Systematic Review: Ibuprofen-induced Liver Injury

Miguel E. Zoubek; María Isabel Lucena; Raúl J. Andrade; Camilla Stephens


Aliment Pharmacol Ther. 2020;51(6):603-611. 

In This Article


A systematic literature review was conducted in accordance with the "Preferred Reporting Items for Systematic Reviews and Meta-Analyses" (PRISMA) guidelines, in order to identify all preexisting studies on ibuprofen-induced liver injury to date.

Systematic Database Search

Systematic electronic searches of PubMed, Cochrane and Web of Science were performed to obtain case reports and case series of ibuprofen-induced liver injury published up to December 2018. The searches were conducted using the terms "hepatotoxicity", "drug-induced liver injury" and "ibuprofen". An elevated number of ibuprofen-induced hepatotoxicity events related to the term "vanishing bile duct syndrome" was also observed. Thus, this term was included in a new search. Only articles published in English were considered. No other restrictions were applied.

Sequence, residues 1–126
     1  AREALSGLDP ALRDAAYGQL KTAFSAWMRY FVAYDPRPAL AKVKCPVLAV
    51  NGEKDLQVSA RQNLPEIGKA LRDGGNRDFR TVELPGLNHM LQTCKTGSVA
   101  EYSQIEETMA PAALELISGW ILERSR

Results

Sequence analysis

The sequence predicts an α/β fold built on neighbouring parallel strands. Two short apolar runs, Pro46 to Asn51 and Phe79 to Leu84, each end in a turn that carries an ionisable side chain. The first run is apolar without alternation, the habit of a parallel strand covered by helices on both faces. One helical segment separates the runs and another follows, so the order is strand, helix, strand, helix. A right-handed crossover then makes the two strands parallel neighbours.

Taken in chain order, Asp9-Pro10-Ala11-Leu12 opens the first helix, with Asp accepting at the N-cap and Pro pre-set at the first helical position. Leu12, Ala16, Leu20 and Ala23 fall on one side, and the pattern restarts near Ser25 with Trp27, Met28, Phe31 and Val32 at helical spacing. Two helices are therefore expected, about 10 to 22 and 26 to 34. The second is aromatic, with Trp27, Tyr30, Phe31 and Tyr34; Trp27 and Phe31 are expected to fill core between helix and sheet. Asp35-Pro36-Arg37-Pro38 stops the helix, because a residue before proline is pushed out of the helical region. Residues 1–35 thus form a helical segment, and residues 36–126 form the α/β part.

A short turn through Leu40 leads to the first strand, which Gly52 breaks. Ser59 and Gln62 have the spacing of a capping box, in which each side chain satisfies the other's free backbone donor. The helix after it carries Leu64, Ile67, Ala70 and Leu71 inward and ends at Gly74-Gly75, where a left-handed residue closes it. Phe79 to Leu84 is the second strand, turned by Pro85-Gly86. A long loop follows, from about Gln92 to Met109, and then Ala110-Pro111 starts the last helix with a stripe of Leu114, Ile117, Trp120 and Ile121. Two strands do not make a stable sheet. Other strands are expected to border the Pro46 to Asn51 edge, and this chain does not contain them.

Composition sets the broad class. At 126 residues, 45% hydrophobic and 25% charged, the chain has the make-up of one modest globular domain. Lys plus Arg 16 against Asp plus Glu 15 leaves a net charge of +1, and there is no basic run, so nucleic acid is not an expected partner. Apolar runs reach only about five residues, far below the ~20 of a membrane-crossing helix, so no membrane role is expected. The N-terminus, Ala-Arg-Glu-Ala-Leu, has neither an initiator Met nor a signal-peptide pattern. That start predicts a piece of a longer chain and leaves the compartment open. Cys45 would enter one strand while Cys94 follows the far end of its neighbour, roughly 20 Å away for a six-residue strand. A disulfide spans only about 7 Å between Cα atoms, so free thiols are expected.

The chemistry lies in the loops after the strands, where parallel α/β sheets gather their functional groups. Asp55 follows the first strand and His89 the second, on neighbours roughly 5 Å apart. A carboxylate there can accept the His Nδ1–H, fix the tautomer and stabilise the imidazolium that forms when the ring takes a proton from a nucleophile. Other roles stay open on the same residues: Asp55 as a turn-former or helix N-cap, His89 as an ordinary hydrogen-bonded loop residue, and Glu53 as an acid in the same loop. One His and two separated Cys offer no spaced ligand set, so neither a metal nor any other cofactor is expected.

Eligibility Criteria

After removing duplicates, titles and abstracts were screened independently for eligibility by two reviewers (MEZ and CS). Any disagreements were resolved by discussion between the two reviewers. Full articles corresponding to the selected abstracts and/or titles were obtained and assessed against eligibility criteria. Only cases where ibuprofen was judged as the single culprit drug causing a liver reaction were considered for our analysis. References cited by the selected articles were also reviewed to identify other potentially eligible studies not captured in the initial electronic database search.

Data Collection

Demographic, clinical, histological, laboratory and outcome information corresponding to exposure to ibuprofen resulting in hepatotoxicity was retrieved from the articles and analysed. The pattern of liver injury was classified based on R value calculations from the first available blood test after DILI recognition.[38] For those cases without complete analytical information at DILI recognition, histological findings from liver biopsies were carefully reviewed. Presentations considered as hypersensitivity features included fever, rash, eosinophilia and lymphopenia.